Crystal Lake to allow marijuana growers, other related businesses in its city limits

City already allowed dispensaries but had given itself a year to revisit topic

The Crystal Lake City Council decided to allow more kinds of recreational marijuana businesses, such as craft growers and cultivation centers, within city limits at its meeting Tuesday.

Before the state legalized recreational marijuana for anyone 21 and older, the City Council voted in 2019 to allow adult-use dispensaries in its general commercial, or B-2, zoning districts, with a 500-foot buffer for certain uses, such as schools and day cares, and a 200-foot buffer for residential uses.

Other marijuana-related businesses, including craft growers, cultivation centers for recreational use, infusers and other processors and transporters, did not receive this same approval at that time.

However now, after Tuesday’s vote, these other businesses will be allowed in the manufacturing districts. Cultivation centers and craft growers will also be allowed in the watershed district.

Community Development Director Michelle Rentzsch said the city has not received any applications from people interested in opening a dispensary. Council members emphasized at the meeting that Crystal Lake is not relying on marijuana sales for tax revenue or to balance the city’s budget.

Like dispensaries, other marijuana businesses will have to have the same 500-foot buffer in place for schools, day cares and certain other uses, but the buffer was bumped up to 500 feet for residential for nondispensaries because they would be considered manufacturing uses, Rentzsch said.

For any marijuana business, all special use permit criteria would need to be in place and followed, including the prohibition of any dust, fumes, vapors or odors that affect neighboring premises or properties, Rentzsch said.

A few residents expressed concern over the potential of more kinds of recreational marijuana businesses coming to the city. One man suggested the council put out a referendum asking residents what they think about the subject, while one woman said the last thing Crystal Lake needs is “more openness for this kind of stuff,” especially around children.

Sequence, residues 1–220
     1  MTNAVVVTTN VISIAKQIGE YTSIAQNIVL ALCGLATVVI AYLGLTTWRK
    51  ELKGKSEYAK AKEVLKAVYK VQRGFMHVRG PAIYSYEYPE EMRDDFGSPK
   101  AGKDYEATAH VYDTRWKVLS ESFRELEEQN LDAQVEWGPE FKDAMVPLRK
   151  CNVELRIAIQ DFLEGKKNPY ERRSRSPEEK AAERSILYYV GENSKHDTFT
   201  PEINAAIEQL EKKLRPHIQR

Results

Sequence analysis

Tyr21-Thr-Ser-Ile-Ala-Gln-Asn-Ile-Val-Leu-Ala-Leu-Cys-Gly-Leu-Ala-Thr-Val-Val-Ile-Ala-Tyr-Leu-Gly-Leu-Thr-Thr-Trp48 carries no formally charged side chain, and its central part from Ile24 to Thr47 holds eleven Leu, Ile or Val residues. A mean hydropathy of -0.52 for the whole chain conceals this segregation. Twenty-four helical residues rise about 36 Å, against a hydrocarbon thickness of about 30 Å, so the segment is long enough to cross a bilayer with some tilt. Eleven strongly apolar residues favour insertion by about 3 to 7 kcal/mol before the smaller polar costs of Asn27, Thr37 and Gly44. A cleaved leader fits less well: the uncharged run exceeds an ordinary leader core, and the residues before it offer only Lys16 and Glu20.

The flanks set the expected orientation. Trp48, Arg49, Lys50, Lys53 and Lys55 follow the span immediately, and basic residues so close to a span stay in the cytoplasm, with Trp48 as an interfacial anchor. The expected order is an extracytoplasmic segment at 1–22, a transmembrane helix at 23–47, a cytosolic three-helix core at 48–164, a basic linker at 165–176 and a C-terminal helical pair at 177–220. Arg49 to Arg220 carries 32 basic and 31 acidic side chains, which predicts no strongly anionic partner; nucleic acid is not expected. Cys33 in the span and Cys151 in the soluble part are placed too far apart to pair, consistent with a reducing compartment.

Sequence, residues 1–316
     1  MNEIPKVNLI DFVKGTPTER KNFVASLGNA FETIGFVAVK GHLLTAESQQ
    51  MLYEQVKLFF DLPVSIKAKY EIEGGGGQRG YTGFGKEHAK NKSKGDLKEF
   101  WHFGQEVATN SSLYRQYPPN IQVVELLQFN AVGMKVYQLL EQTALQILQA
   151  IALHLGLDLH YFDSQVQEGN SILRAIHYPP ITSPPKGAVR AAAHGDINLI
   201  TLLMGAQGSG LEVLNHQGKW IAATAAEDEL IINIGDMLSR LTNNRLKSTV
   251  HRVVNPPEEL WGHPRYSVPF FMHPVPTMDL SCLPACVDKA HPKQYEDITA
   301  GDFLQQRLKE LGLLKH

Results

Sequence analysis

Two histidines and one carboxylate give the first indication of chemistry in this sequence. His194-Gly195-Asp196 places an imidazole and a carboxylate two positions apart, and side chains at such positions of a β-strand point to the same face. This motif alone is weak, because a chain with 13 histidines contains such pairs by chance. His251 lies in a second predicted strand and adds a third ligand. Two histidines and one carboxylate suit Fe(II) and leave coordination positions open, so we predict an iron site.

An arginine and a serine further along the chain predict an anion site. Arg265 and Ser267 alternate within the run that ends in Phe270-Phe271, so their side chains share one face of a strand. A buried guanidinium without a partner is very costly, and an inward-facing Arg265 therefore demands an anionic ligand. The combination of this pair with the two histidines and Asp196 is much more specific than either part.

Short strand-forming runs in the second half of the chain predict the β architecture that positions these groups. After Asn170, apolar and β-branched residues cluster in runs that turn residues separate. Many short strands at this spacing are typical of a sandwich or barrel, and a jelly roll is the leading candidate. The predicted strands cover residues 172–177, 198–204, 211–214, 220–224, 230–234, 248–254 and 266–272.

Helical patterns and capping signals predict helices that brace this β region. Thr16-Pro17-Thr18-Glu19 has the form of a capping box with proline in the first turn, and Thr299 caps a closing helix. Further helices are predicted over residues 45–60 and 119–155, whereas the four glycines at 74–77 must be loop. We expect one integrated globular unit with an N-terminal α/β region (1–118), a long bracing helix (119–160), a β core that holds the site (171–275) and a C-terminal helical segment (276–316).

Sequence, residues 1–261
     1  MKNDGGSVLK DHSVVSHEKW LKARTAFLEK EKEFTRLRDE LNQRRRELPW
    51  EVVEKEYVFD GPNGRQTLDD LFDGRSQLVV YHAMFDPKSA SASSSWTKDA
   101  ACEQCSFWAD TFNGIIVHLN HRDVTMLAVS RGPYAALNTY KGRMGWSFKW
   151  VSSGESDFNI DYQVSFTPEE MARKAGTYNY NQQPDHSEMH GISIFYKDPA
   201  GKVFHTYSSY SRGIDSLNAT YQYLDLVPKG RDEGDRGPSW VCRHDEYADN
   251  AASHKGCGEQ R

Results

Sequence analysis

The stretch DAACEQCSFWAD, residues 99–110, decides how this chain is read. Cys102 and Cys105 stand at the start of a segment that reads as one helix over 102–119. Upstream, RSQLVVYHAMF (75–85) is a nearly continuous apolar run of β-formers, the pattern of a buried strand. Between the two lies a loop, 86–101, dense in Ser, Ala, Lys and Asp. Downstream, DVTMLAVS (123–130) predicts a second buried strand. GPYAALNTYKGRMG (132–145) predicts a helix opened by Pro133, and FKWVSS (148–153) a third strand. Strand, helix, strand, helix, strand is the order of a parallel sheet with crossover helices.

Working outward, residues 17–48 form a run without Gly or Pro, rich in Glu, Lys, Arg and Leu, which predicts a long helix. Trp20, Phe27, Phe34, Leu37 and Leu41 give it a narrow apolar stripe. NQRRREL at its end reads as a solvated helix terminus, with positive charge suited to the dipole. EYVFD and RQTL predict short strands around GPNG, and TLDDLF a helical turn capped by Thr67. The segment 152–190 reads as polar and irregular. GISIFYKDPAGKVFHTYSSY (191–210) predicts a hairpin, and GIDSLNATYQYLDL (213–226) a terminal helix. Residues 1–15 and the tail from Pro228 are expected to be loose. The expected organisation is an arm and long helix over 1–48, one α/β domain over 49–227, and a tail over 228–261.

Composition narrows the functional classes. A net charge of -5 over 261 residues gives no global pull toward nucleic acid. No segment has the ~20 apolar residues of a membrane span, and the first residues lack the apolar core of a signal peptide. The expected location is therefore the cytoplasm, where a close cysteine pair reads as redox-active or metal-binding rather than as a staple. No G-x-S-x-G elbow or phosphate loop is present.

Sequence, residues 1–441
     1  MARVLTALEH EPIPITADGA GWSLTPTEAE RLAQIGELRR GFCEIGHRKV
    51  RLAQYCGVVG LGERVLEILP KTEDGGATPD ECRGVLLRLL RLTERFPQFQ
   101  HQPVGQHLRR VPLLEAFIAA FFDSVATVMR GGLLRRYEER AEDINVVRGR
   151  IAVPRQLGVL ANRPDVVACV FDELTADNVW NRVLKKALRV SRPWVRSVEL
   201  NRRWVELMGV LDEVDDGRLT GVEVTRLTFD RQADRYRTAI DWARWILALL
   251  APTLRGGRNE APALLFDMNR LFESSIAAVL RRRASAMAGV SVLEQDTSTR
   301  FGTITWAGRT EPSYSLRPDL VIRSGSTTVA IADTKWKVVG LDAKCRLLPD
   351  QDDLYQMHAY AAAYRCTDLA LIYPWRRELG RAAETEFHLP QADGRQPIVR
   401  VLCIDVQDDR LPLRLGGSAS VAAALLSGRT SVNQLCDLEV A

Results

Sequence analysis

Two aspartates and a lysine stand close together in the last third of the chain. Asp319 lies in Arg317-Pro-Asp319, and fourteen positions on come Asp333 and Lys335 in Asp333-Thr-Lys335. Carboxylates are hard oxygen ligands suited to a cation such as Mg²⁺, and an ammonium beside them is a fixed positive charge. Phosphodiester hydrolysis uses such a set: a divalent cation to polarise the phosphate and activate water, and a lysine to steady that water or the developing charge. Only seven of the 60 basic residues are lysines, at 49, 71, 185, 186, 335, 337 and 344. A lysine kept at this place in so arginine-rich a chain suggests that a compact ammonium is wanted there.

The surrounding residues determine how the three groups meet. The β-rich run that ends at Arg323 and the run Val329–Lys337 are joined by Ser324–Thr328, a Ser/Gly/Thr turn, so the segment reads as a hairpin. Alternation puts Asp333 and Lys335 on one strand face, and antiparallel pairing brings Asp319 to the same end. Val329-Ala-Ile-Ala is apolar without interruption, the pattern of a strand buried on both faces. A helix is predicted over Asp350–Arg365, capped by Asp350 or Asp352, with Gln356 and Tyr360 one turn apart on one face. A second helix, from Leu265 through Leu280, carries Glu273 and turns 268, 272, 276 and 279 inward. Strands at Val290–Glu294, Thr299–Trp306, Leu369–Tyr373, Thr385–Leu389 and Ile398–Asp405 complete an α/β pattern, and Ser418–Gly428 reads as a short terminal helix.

Council members and village officials pointed out, though, that all kinds of marijuana businesses are very heavily regulated, with high security and very little chance of youth being exposed to these facilities.

“The likelihood that someone underage is able to get inside the doors is very minimal,” council member Ian Philpot said. “And there’s a lot of, not just security, but cameras and everything to protect it.”

Council member Mandy Montford, speaking in favor of the proposal, said allowing these kinds of marijuana businesses in Crystal Lake would give the city the opportunity to help regulate an industry that had not been regulated, and keep illegal and unregulated substances out of the hands of minors.

Another aspect brought up in the city’s decision to allow more than just dispensaries was potential job creation.

Philpot, in looking at other cities that allow dispensaries, said he has found that they don’t have any other kinds of marijuana business establishments.

“It could be an opportunity for Crystal Lake to be a location where those businesses could go to create jobs,” he said. “As far as craft growers are concerned, there are a lot of people who have lost their jobs and entrepreneurs looking to start something new for themselves. If they’re having trouble finding work, then that could be an opportunity for them to get a hold of the license and start something new.”

Council member Brett Hopkins was the only one who voted against the measure.

Acknowledging that he was an “outlier” in his views, Hopkins said his concerns are about the unknown impacts of having different kinds of marijuana businesses in the community.

Especially in the middle of the COVID-19 pandemic, he said, the city is not pressed to make a decision on this issue.

“There’s no urgency at this point in time,” Hopkins said.

Cassie Buchman

I cover Crystal Lake, Algonquin, Cary, Fox River Grove, Prairie Grove and Oakwood Hills for the Northwest Herald.